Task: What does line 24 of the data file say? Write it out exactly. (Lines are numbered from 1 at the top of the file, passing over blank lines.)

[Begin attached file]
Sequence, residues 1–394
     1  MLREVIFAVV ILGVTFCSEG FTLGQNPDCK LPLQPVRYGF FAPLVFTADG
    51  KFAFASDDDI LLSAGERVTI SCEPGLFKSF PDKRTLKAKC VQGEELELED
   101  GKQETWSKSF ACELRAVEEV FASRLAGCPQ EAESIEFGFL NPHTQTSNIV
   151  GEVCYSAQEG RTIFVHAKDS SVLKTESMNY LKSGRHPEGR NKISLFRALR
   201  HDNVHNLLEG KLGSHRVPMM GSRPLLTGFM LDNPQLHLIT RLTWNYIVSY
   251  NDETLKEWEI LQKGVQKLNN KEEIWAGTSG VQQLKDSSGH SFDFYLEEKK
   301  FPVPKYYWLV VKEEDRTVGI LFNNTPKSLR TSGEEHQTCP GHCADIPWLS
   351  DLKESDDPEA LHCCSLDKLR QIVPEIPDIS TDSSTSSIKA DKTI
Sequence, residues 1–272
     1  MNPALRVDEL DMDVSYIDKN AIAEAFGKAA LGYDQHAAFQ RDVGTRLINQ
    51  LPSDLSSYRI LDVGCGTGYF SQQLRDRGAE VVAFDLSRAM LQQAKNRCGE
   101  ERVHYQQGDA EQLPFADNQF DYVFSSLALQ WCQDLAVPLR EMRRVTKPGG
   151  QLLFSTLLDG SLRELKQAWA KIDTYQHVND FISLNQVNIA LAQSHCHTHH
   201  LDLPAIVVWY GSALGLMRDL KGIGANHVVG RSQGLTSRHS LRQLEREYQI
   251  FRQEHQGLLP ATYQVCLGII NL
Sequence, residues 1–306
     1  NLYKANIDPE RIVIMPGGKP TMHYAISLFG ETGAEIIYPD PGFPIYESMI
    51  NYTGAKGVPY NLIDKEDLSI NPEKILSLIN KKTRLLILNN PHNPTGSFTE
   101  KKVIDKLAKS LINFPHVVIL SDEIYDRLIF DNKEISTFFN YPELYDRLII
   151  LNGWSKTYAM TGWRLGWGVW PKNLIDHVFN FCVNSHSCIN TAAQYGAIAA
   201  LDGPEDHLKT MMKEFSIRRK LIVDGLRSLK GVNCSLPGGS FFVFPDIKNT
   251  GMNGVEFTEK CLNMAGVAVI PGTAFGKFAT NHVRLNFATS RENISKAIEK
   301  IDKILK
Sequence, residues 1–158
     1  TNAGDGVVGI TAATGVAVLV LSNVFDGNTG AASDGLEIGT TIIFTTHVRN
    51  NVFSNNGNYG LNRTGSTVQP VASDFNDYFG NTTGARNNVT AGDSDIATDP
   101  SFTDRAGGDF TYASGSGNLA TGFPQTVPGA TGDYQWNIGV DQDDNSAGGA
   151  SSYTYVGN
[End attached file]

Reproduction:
   301  IDKILK